Another great salad to make for barbecues and potlucks, it pairs well with grilled meats and travels well.
Tips and Questions
What are the best lentils to use for salads?
Green, puy lentils, brown, or black lentils are the best option. Red lentils, on the other hand, are best saved for soups, dals, and curries since they'll become mushy quickly.
Can I make lentil tabbouleh ahead?
Absolutely, this is a great salad to make several hours in advance or even the day before you plan on serving it. Just bring it to room temperature before serving.
Is Lentil Tabbouleh healthy?
Packed to the brim with antioxidants, protein, and fibre, this salad is like a superfood as it's loaded with health-boosting benefits.
Lentils are low in sodium and saturated fat but high in beneficial nutrients - like potassium, fibre, folate, and plant chemicals called polyphenols that have antioxidant activity. So a great choice for health-conscious eaters!
What to do with leftover tabbouleh?
Pop it in an airtight container in the fridge, and it should keep for 4-5 days.
This tabbouleh salad recipe is suitable for gluten-free, dairy-free, nut-free, vegan and vegetarian dieters.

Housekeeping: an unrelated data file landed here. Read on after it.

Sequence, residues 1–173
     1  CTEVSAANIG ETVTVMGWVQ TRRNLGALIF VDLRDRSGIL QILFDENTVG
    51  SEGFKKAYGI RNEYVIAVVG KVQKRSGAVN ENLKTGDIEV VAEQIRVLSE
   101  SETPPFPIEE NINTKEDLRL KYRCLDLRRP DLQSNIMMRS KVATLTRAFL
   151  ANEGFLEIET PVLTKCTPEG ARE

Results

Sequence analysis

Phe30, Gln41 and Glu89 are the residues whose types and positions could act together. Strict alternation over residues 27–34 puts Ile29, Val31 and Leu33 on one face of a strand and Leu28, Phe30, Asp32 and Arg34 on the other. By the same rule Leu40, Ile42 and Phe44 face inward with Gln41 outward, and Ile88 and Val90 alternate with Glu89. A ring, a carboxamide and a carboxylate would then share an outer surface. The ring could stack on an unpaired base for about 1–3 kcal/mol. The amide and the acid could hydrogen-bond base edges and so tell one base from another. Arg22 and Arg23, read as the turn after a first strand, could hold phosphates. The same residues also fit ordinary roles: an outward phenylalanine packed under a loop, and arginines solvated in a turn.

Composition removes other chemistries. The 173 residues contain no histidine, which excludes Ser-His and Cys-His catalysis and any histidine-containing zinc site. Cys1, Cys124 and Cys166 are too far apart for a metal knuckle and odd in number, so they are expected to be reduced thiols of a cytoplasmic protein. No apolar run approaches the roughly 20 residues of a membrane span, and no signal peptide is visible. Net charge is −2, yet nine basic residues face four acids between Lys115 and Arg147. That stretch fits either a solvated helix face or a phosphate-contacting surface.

You can swap the lentils for riced cauliflower to make it suitable for keto, low-carb, paleo and whole30 eaters - as we did in our cauliflower tabbouleh.
Each serving contains 304 calories with a net carb count of 14 grams.
Please note that nutritional information is provided as a courtesy using a nutritional
database and should only be considered an estimate.
- Salad Spinner
- 1 cup dried lentils (200 grams / 7oz), approximately 2 cups cooked)
- 2 punnets cherry tomatoes (approximately 500 grams / 17.6oz)
- 1 bunch parsley (1 ½ cups chopped leaves)
- 1 bunch mint (1 cup chopped leaves)
- 2 green onions (½ cup sliced)
- 1 teaspoon cumin powder, ground
- ⅓ cup lemon juice
- ½ cup extra virgin olive oil
- Sea salt and black pepper
- First, sort through and discard any shrivelled or discoloured lentils, then rinse the remaining lentils under cold water until the water runs clear.
- Place them in a pot, cover them with a hand-span of water, and add a teaspoon of salt.
- Simmer the lentils on low heat, stirring occasionally, and add more liquid or remove scum if needed. Cook until the lentils are tender but not mushy, approximately 30 minutes.
- When done, remove them from the heat and then rinse them with cold water until cool.
- Grab a large bowl to add the ingredients as you prep them.
- Start by washing and drying the herbs and green onions (a salad spinner comes in handy here)
- Chop parsley leaves finely with a sharp knife, trim the onions and slice them thinly,
- Thoroughly dry the mint, stripping the leaves from the stems and tearing any large leaves in half. Rinse and slice the cherry tomatoes in half.
- Then, add the cooked lentils to the bowl with the rest of the ingredients, and mix it all together with olive oil, lemon juice and cumin. Finally, season and toss well to combine, arrange in a salad bowl and keep chilled until ready to serve